Do you remember bumper cars? The child-sized cars have big rubber bumpers, so that as you drove around you could bump into one another and into the borders of the bumper car rink without hurting yourself or someone else.
Sometimes life feels like bumper cars. You keep running into things, backing up, trying a different direction, bumping into something—or someone—else. You never really get anywhere. In bumper cars it’s fun—and it doesn’t last very long before you have to leave or buy another ticket. I guess life is like that too.
Or maybe bumper cars is just practice. When we get a little older, learn some more skills, and get a real driver’s license, off we go. Off to who knows where. But now we can go farther before we encounter something that makes us stop. Usually, we can start up again soon, perhaps in the same direction and perhaps in another.
This year feels like bumper cars. We can get in the car and go, but probably not as far. And when we get “there,” we can’t do things the way we used to. Put on a mask, stay six feet apart, wash your hands. So our physical and social circles are more constrained. If we really need to play bumper cars, wouldn’t it be nice to have a bigger rink with more scenery?
And then there’s politics. It’s not too hard to talk with like-minded folks. But what about when we bump into someone with a different point of view? Sometimes we don’t like them anyway, so we can back up and go another direction. But what about when it’s someone we really care about? How can we approach gently, so no one gets whiplash when our opinions bump into each other?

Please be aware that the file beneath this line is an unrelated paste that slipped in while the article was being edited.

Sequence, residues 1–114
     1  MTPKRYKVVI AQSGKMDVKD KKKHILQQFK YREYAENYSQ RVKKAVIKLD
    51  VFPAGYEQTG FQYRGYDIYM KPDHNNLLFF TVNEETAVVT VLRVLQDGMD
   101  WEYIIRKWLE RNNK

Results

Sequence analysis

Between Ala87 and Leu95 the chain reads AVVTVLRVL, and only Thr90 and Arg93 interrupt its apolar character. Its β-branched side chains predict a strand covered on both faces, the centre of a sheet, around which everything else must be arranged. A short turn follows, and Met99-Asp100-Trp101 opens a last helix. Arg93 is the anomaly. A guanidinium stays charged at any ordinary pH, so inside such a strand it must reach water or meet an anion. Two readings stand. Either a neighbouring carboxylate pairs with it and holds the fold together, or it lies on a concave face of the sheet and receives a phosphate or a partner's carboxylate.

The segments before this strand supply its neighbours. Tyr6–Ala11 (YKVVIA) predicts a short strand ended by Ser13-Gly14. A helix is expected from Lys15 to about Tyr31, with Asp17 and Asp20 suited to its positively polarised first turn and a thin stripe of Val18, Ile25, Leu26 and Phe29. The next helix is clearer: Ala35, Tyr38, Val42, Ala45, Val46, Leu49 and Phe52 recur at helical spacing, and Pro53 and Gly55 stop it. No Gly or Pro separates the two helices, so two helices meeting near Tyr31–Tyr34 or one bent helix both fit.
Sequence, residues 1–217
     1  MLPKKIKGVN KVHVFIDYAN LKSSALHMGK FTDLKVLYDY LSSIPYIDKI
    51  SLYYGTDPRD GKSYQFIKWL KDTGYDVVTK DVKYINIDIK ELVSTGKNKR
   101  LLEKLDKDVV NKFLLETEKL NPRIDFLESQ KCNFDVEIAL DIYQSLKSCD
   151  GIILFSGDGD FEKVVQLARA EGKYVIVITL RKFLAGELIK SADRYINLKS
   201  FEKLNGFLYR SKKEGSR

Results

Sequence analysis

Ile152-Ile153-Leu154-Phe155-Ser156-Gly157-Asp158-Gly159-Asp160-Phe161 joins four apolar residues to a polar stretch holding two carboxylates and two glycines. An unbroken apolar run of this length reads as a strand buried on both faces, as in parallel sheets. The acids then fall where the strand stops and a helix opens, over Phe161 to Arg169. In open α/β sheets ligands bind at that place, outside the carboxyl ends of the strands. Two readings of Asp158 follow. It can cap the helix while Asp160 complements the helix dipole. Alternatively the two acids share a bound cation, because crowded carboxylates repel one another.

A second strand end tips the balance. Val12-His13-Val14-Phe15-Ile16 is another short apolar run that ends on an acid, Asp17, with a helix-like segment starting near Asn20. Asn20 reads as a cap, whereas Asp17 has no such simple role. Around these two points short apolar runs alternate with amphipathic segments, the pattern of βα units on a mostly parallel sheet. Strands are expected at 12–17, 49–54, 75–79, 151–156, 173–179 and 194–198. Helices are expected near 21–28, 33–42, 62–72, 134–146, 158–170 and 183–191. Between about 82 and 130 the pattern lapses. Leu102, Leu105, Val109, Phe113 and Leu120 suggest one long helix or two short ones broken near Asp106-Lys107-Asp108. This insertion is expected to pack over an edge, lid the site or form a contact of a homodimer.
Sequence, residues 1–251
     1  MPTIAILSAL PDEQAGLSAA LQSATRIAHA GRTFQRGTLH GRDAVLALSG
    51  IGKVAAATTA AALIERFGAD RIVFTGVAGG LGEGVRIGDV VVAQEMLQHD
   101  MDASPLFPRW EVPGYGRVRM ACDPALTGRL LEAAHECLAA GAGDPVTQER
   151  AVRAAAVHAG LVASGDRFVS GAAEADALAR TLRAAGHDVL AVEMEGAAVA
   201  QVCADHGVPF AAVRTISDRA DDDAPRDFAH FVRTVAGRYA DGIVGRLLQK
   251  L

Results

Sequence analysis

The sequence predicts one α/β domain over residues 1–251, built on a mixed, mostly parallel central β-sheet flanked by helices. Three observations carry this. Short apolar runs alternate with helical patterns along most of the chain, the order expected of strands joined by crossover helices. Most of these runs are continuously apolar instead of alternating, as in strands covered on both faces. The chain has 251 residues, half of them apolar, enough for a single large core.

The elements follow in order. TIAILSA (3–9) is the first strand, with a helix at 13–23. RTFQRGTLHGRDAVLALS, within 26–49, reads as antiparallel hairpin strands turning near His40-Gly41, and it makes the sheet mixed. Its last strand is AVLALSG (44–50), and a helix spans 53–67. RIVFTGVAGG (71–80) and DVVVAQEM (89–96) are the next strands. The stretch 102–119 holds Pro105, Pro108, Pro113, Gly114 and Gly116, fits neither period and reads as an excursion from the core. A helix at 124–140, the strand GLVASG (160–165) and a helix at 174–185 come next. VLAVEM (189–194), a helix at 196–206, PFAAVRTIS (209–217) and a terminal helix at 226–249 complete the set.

I was fortunate to hear Dr. B. Jill Carroll speak last night. She described a difficult situation navigating the process of caring for her aging and dying parents. Bumper cars. People we care about with completely different paradigms. Core values were probably pretty much the same. Love your family. Take care of them. Feed them. What’s the best way to do that? Back to bumper cars. Jill’s talk was full of humor, information, warnings, wisdom and warmth. The sentence that is echoing in my ears today is, “It (caring for my parents) knocked the stuffing out of me.”
We cope, we drive our bumper cars or our real cars. We stop, we start. We back up, we go another direction. But sometimes it just knocks the stuffing out of us.
And then what? Perhaps we cry. Perhaps we listen to someone with a different perspective, maybe an entirely different paradigm. Maybe take a look at why and how we came to love or care for that person. Maybe take a nap. Eat some chocolate. Look toward the setting sun. Look at the way that sun turns leaves golden. It’s like magic.
And then, perhaps exhale. A nice slow exhale. Let the air out. Don’t breathe in too quickly. Stay with the emptiness for a moment. Then let the body draw air in. Notice where it goes. Let it go there and see what happens next.